Hurricane, About a Poet Imprisoned in Africa, Opens Mar. 7 in San Diego

News   Hurricane, About a Poet Imprisoned in Africa, Opens Mar. 7 in San Diego
 
SAN DIEGO -- Ripped from some of the tragic headlines about Africa, Eric Cressida Wilson's Hurricane will have its local premiere Mar. 7 at the Ensemble Arts Studio Theatre .

SAN DIEGO -- Ripped from some of the tragic headlines about Africa, Eric Cressida Wilson's Hurricane will have its local premiere Mar. 7 at the Ensemble Arts Studio Theatre .

The protagonist is Katy Longstreth, a famous poet who goes to Africa to write about a civil war and is imprisoned. While incarcerated, she writes on the walls and floors, creating women and the stories of women in order to keep herself from going insane-- and to discover who she is. The scenes in the play are the product of her imagination.

Produced by the Alien Stage Project in association with the San Diego Black Ensemble Theatre and in celebration of International Women's History Month, Wilson's play is directed by Michael Hemmingson and Beth Bayless.

Local theatregoers were first introduced to Wilson's work in 1994 when Theatre E and Sledgehammer presented her memory play, Cross-Dressing in the Depression, which received wide critical acclaim.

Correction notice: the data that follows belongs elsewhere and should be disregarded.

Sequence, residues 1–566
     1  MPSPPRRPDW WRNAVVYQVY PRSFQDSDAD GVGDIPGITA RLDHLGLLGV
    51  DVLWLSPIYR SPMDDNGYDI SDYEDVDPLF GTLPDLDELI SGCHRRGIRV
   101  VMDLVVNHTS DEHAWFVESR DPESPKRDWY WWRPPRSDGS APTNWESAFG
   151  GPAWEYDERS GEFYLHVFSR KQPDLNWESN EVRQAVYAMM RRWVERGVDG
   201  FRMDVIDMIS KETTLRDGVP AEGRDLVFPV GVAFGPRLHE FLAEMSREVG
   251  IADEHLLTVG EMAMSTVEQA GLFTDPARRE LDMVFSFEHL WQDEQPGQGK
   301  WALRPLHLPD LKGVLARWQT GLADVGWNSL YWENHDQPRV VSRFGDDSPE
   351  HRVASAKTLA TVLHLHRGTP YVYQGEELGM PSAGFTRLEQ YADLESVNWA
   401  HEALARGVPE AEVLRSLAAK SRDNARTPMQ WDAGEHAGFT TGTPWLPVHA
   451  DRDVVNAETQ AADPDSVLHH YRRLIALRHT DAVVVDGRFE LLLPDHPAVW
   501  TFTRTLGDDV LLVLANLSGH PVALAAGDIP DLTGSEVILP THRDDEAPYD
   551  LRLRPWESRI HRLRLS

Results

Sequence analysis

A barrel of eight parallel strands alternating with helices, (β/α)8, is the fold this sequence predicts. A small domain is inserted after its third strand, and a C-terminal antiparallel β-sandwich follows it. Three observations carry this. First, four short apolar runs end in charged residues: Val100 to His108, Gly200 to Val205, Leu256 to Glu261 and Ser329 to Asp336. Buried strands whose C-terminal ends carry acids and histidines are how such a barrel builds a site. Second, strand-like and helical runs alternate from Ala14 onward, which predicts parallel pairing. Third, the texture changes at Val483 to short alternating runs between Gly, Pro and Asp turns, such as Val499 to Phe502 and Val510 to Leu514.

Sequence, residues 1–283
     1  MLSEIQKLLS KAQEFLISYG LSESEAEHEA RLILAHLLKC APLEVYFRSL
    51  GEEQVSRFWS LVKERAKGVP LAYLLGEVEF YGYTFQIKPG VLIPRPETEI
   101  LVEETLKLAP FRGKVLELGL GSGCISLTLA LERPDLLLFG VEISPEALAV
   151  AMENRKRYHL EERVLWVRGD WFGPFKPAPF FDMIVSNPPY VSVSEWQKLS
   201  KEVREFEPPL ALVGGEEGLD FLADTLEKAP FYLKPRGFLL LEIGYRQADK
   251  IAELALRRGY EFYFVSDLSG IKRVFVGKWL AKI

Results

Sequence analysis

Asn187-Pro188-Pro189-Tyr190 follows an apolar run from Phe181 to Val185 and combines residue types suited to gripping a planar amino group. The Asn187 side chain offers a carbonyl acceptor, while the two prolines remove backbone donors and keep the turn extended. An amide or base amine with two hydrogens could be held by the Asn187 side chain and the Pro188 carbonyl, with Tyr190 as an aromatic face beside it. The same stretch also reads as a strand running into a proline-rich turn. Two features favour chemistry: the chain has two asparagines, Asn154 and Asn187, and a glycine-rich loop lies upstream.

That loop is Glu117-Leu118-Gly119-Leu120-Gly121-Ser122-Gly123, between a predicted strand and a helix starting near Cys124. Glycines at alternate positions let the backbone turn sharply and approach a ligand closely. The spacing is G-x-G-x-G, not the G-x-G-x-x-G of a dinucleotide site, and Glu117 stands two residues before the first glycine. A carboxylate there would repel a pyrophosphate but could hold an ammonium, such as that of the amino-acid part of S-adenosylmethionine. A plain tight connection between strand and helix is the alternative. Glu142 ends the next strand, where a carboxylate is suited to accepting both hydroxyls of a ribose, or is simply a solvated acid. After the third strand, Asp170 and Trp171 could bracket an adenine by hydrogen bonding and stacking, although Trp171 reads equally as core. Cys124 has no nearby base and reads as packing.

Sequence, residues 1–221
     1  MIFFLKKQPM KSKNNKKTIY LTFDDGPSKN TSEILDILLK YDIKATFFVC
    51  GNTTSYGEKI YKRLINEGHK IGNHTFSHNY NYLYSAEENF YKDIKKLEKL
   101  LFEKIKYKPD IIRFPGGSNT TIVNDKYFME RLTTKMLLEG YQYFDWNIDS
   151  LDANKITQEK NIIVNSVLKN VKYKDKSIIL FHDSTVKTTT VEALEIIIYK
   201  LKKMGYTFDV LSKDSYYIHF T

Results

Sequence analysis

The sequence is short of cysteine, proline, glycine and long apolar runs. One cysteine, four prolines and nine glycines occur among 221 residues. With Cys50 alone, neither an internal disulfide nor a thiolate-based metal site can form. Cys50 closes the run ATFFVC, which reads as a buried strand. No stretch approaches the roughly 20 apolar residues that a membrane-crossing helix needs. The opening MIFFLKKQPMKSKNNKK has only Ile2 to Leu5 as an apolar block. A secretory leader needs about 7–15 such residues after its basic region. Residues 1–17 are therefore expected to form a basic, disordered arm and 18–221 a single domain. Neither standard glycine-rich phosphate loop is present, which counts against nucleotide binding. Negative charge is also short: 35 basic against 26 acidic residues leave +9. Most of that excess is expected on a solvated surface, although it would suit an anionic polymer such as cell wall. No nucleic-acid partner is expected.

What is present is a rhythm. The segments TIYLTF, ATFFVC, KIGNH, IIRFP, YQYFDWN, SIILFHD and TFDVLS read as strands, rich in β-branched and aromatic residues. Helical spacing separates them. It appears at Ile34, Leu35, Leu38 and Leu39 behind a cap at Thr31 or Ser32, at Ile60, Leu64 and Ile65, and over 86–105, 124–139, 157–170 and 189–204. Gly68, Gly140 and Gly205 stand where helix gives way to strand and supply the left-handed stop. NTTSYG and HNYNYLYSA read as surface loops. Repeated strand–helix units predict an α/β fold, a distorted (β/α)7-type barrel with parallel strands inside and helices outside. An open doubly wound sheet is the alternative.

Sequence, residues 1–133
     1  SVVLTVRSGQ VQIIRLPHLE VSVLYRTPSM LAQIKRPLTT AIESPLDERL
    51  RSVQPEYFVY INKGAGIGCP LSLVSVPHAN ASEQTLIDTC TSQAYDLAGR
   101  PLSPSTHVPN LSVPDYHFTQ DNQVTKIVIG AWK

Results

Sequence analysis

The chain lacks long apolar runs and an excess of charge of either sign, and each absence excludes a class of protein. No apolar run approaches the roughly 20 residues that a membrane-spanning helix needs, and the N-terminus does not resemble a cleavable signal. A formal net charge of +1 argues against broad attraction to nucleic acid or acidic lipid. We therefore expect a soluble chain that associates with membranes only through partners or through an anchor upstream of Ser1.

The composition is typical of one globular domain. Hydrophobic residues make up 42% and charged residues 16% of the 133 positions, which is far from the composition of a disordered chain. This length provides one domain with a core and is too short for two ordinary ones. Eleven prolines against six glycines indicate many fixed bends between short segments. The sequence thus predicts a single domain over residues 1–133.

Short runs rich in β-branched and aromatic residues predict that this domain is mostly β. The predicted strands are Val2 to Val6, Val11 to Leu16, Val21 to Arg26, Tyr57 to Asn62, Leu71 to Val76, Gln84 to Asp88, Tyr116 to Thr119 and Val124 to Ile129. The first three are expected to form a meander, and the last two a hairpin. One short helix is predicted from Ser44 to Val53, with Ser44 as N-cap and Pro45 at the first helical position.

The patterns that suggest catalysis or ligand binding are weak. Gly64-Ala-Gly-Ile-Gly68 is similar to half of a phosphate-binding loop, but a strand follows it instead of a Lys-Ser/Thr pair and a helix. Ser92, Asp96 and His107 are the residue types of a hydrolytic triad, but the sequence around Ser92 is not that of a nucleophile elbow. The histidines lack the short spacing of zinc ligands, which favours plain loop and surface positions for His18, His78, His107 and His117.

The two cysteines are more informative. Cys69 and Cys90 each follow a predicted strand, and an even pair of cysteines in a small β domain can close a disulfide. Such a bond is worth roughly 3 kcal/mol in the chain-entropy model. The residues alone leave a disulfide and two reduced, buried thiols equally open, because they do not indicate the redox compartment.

"The moment I finished reading this work, I knew I had to do it," said director Hemmingson. "There was no question about it. It's very rare when you are immediately drawn into a writer, when you know there is something powerful going on here . . . In 1994, I went to Rwanda to write about what was happening there, just as the lead character in the play does. I witnessed death all around me. Katy becomes the lover of a rebel leader and gets imprisoned. I returned to the States shocked and heartbroken, and I've never been the same. This happens to Katy as well. I identified greatly with her." Playwright Wilson teaches drama at Duke University. Hurricane was a finalist for the Susan Smith Blackburn Award.

Performances through Mar. 22 are Fri.-Sun at 8 PM at the Ensemble Arts Studio, 23rd & Broadway. For tickets, $10, call (619) 298-3372.

-- By Willard Manus
Southern California Correspondent


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